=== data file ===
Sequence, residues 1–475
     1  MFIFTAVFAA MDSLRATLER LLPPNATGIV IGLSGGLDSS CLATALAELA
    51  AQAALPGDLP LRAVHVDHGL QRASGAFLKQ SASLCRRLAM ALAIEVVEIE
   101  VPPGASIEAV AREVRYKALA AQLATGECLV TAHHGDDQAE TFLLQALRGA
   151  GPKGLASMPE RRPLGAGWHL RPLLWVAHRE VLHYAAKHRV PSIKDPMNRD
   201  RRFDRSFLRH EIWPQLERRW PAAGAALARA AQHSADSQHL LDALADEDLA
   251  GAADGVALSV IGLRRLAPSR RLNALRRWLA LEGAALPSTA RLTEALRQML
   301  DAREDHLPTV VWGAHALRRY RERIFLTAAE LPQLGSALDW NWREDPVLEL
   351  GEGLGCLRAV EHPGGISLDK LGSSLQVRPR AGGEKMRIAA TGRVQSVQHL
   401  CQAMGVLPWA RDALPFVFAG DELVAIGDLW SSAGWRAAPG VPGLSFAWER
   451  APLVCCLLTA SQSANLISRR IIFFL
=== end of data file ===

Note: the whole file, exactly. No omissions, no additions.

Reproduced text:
Sequence, residues 1–475
     1  MFIFTAVFAA MDSLRATLER LLPPNATGIV IGLSGGLDSS CLATALAELA
    51  AQAALPGDLP LRAVHVDHGL QRASGAFLKQ SASLCRRLAM ALAIEVVEIE
   101  VPPGASIEAV AREVRYKALA AQLATGECLV TAHHGDDQAE TFLLQALRGA
   151  GPKGLASMPE RRPLGAGWHL RPLLWVAHRE VLHYAAKHRV PSIKDPMNRD
   201  RRFDRSFLRH EIWPQLERRW PAAGAALARA AQHSADSQHL LDALADEDLA
   251  GAADGVALSV IGLRRLAPSR RLNALRRWLA LEGAALPSTA RLTEALRQML
   301  DAREDHLPTV VWGAHALRRY RERIFLTAAE LPQLGSALDW NWREDPVLEL
   351  GEGLGCLRAV EHPGGISLDK LGSSLQVRPR AGGEKMRIAA TGRVQSVQHL
   401  CQAMGVLPWA RDALPFVFAG DELVAIGDLW SSAGWRAAPG VPGLSFAWER
   451  APLVCCLLTA SQSANLISRR IIFFL